SRX87 laptop. Because the laptop comes with a firewire based DVD-ROM
drive which is currently not supported by the installation process, he
had to do a network installation, using PXE to boot from the network.
Creating a .deb of .deb Files. Steve Traugott wanted to know if
there is a tool that bundles a Debian package, its prerequisite
packages, and its related debconf db deltas, into a single archive. He
tries to implement techniques described in this administration
paper. The existing tool apt-zip is not sufficient.
The Story of radiusd-freeradius. Chad Miller explained the current
status of radiusd-freeradius. A dummy bug was filed against this
package to keep it outside of woody, but unfortunately the bug report
wasn't removed after the release and when the maintainer didn't pay
enough attention the package was removed from testing and unstable
during an announced mass removal. The package can't be added back
since it indirectly links against libssl but is licensed under the
GNU GPL. However, some people maintain private packages for
CUPS and SSL. Jeff Licquia contacted the developers of GNU TLS to
discuss whether the OpenSSL compatibility library could be re-licensed
using the GNU Lesser General Public License (LGPL). Nikos
Mavroyanopoulos from GNU TLS replied that this is up to its
author, of course, and Jeff added that he is probably going to
write native GNU TLS support for CUPS on his own.
Random Requests to remove Packages. James Troup contacted the QA
team since ftpmasters are receiving an increased amount of bug reports
asking for the removal of packages. However, these requests didn't
come from their maintainers or the QA team but from random people who
often aren't even developers. He doesn't feel comfortable with
ftpmaster making the decision of whether or not to remove packages.
Future requests for removal will be discussed by the QA team.
Porting OSCAR to Debian? Benoit des Ligneris wondered whether
Debian would be interested in porting OSCAR, a collection of
userland programs to do clustering, to the Debian system. Current
tools are mainly for scientific computation purposes. Benoit added a
list of problems that need to be resolved. Interested people could
easily join and work on them.
Building GTK Applications for Windows on Debian. James Michael DuPont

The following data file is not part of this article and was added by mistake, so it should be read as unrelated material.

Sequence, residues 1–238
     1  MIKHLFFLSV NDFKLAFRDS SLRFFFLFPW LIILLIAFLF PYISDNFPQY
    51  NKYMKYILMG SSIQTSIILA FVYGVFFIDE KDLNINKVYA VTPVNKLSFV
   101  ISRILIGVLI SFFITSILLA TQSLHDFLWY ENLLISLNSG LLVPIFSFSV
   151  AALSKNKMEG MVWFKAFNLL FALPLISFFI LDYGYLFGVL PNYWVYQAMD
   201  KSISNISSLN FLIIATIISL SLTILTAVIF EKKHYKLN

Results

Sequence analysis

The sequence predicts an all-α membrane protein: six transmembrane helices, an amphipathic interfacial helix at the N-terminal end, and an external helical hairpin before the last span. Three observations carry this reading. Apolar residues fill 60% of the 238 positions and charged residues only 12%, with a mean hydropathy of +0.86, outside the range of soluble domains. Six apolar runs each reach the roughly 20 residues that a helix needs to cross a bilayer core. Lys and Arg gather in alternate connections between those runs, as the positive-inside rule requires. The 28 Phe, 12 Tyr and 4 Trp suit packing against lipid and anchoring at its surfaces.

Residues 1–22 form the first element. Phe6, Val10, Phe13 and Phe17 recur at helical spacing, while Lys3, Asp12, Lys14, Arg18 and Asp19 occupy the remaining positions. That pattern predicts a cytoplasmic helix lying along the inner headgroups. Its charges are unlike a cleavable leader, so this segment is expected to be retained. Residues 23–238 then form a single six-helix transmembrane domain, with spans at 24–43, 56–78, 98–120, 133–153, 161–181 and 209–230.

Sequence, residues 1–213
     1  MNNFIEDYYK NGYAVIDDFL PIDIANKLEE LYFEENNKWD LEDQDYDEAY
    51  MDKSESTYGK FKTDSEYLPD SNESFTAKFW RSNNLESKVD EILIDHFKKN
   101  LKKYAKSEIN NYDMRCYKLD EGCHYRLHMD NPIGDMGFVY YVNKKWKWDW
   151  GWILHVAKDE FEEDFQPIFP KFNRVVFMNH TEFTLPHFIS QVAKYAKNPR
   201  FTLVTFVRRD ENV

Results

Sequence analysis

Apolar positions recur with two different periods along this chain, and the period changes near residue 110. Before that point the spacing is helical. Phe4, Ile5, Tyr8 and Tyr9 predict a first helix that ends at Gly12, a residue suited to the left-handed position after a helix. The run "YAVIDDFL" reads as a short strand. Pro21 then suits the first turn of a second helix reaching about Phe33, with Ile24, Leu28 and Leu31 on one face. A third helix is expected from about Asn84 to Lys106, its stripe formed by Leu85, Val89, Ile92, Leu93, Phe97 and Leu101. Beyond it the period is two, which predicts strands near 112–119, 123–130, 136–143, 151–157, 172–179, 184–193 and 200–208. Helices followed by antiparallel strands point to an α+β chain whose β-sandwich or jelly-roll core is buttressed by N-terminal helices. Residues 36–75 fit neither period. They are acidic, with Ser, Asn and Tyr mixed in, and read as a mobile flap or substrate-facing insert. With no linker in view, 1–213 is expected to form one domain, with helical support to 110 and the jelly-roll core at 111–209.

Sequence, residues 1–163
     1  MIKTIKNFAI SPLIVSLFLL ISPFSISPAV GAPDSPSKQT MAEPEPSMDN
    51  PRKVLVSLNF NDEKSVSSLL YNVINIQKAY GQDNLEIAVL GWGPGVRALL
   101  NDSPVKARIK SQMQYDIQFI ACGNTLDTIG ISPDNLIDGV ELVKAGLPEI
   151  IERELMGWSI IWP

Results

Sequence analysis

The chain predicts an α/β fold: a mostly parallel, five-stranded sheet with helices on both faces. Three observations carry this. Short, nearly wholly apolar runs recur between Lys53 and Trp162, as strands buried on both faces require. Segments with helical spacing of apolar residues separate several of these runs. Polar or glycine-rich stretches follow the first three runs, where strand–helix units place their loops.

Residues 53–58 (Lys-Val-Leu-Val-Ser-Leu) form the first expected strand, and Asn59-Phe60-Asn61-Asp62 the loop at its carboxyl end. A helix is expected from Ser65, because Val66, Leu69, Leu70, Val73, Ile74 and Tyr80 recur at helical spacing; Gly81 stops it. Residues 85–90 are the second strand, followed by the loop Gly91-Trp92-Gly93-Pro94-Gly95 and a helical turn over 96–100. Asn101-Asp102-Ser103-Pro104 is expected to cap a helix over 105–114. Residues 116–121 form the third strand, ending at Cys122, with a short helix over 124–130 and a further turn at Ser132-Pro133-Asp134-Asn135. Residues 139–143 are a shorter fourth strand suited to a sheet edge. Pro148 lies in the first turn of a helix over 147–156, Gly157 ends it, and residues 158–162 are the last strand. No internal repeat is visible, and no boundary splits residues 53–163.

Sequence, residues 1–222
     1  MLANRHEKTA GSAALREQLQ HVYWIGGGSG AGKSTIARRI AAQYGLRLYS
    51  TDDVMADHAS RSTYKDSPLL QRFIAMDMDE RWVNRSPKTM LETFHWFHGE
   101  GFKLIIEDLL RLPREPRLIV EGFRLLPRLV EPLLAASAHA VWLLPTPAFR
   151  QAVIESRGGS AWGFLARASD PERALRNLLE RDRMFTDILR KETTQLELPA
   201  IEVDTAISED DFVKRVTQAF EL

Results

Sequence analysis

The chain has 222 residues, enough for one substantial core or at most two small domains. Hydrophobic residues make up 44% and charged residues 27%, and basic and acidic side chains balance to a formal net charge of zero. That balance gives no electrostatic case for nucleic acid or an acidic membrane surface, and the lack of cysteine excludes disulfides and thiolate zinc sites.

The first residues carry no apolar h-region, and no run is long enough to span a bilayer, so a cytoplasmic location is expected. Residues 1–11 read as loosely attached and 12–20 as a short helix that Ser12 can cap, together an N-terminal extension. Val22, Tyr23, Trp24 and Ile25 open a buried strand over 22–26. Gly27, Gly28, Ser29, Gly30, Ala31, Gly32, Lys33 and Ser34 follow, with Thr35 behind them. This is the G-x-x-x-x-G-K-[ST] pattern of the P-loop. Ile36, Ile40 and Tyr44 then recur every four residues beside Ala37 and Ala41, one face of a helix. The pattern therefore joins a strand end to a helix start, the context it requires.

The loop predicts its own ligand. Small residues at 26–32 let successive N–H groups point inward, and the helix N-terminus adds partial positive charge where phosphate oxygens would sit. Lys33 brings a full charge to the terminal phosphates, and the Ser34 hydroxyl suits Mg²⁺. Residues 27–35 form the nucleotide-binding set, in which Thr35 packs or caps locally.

sent a call for help and requested support from the Debian
community. The goal is to build the dia application for the
W32 platform using Debian and the MingW32 cross-compiler. He also
suggested to use the GTK port for W32 to build a graphical installer
based on GTK and the debian-installer.
Debian on the X-box. If you are still looking for a cool digital video
recorder and home entertainment platform, the Dreamix project may
be interesting for you. Its goal is to bring Open Source personal
video recording, video and audio playback, and image viewing
capabilities to the X-box. Although Dreamix will be based on Debian
X-box-Linux, all necessary libraries will be included in the
distribution of the CD image and will auto-excecute after the CD is
inserted into the X-box DVD drive.
Debian Privacy Notice Updated. We reported about a privacy notice for
Debian in our last issue. It has since then been pointed out that
a disclaimer page already exists for the Debian mailing lists,
and that this could be used as a template for a more general
disclaimer or privacy notice for many more things in Debian, such as
the PTS (package tracking system), BTS (bug tracking system) and
others. Any contributions to this effort would be welcomed, e.g. as a
follow-up to the above thread. A proposal was made for
Security Updates. You know the drill. Please make sure that you update
your systems if you have any of these packages installed.
* geneweb -- Information exposure.
* canna -- Buffer overflow and denial of service.
* tomcat4 -- Source disclosure.
* xpdf-i -- Arbitrary command execution.
* OpenLDAP2 -- Buffer overflows and other problems.
* libmcrypt -- Buffer overflows and memory leak.
New or Noteworthy Packages. The following packages were added to the
unstable Debian archive recently or contain important updates.
* esix -- PDP-8 Engineering and Scientific Interpreter eXtended.
* gucharmap -- Unicode character picker and font browser.
* hspell -- Hebrew spell checker.
* jmp -- Profiler for Java to trace object and method timings.
* lmarbles -- A game where you build figures out of colored
* prelink -- ELF prelinking utility to speed up dynamic linking.
* tptime -- Gregorian<->Julian date converter.
* wings3d -- A Nendo-inspired 3D polygon mesh modeller.
* xml2rfc -- XML-based formatting tool for RFCs.
* xmltv -- Functionality related to the XMLTV file format for TV
Orphaned Packages. 6 packages were orphaned this week and require a
new maintainer. This makes a total of 167 orphaned packages. Many
thanks to the previous maintainers who contributed to the Free
Software community. Please see the WNPP pages for the full list,
and please add a note to the bug report and retitle it to ITA: if you
plan to take over a package.
* bpowerd -- monitor UPS status for Best Patriot power supplies.
* freebirth -- Bass synthesizer/sample player/sequencer similar
to Rebirth (Bug#176475)
* gnosamba -- A graphical configuration utility for Samba.
* linleech -- Program to selectively download usenet articles.
* qiv -- a quick image viewer for X. (Bug#176329)
* xtrojka -- Fast paced columns-like game. (Bug#176434)